Ike Davis has struggled all season, hitting just .163 after missing most of last year with an ankle injury, but manager Terry Collins repeatedly made it very clear that the Mets had no intention of demoting the first baseman to the minors.
And then yesterday Collins’ tune changed a bit, according to Andy McCullough of the Newark Star Ledger.
When asked about Davis’ status, Collins replied: “There is nothing etched in stone. We will never say something’s not going to happen.”
Jason Bay is due back from the disabled list fairly soon and Collins has already said he’ll resume starting in left field, which could push Kirk Nieuwenhuis to right field and potentially move Lucas Duda to first base. Which would also mean Davis going to the bench or Triple-A at age 25.
Before being shut down last season Davis played 36 games and hit .302 with seven homers, eight doubles, and a .925 OPS. He’s played 38 games so far this season, hitting .163 with five homers, four doubles, and a .524 OPS. So much of the power is still there, but Davis is having very poor luck getting singles to drop and he’s also struggling to control the strike zone with a 39/10 K/BB ratio.
Yankees’ special advisor and former outfielder Hideki Matsui expects to help the club “convince or recruit” Japanese two-way star Shohei Otani, according to a report from MLB.com’s Deesha Thosar. The Yankees are currently viewed as the favorites to sign Otani, though there still figures to be plenty of competition for his services when he finally becomes eligible to enter Major League Baseball.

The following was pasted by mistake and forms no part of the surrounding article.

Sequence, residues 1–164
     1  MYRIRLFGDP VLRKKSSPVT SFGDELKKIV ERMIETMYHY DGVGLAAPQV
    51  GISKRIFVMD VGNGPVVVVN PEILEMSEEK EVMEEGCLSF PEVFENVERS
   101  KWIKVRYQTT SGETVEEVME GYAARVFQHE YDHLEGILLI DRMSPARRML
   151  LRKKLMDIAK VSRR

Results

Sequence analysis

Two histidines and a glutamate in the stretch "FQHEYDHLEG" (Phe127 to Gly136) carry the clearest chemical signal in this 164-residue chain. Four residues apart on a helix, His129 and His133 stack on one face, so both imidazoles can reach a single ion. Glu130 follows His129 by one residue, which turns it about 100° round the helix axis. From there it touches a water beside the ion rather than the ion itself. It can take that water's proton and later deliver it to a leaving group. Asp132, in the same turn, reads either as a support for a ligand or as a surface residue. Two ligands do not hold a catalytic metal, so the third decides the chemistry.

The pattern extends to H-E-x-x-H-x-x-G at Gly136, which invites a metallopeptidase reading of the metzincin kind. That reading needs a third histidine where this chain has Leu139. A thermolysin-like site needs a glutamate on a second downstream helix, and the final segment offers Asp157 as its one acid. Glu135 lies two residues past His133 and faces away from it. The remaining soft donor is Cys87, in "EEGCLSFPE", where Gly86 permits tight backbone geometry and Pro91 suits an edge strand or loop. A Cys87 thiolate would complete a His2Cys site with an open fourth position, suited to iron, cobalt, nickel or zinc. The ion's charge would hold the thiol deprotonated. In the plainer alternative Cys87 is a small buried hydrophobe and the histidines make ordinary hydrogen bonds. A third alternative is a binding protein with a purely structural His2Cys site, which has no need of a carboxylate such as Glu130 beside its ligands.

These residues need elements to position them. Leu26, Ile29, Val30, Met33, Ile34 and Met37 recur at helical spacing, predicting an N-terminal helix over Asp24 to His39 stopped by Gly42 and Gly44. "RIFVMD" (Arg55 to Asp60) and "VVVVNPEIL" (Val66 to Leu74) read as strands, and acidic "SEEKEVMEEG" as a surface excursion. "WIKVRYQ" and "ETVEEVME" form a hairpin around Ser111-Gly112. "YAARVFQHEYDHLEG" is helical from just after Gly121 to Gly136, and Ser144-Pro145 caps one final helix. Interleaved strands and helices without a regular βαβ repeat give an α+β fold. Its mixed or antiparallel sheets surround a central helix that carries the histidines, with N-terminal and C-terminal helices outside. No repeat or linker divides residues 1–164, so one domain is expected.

Matsui also told Thosar that while he hasn’t seen a player find success as a hybrid pitcher/slugger in the majors, he’s taken notice of Otani’s success in both areas. “He’s done well in Japan, so as a baseball fan I’m looking forward to how he’s going to do here in the Majors and in the U.S.,” Matsui said, later adding, “If [pitching and hitting is] something he wants to do, and the team wants it, then why not?”
Neither the Yankees nor any other suitor should be too concerned with Otani’s ability to translate his .332 batting average and 3.20 ERA to MLB — at least, not just yet. There are still a few roadblocks in his path to the major leagues, most notably the lack of approval from the Players Association. Per FanRag Sports’ Jon Heyman, the union doesn’t want to sign off on an agreement that would give the Nippon Ham Fighters a $20 million posting fee in exchange for Otani’s services. According to the posting system rules, Otani himself would be eligible to receive no more than a $4 million signing bonus.
The good news in all of this? The union agreed to reach a final decision by Monday, November 21, so there’s still a chance Major League Baseball will see the talented two-way player bring his unique skillset to the field in 2018.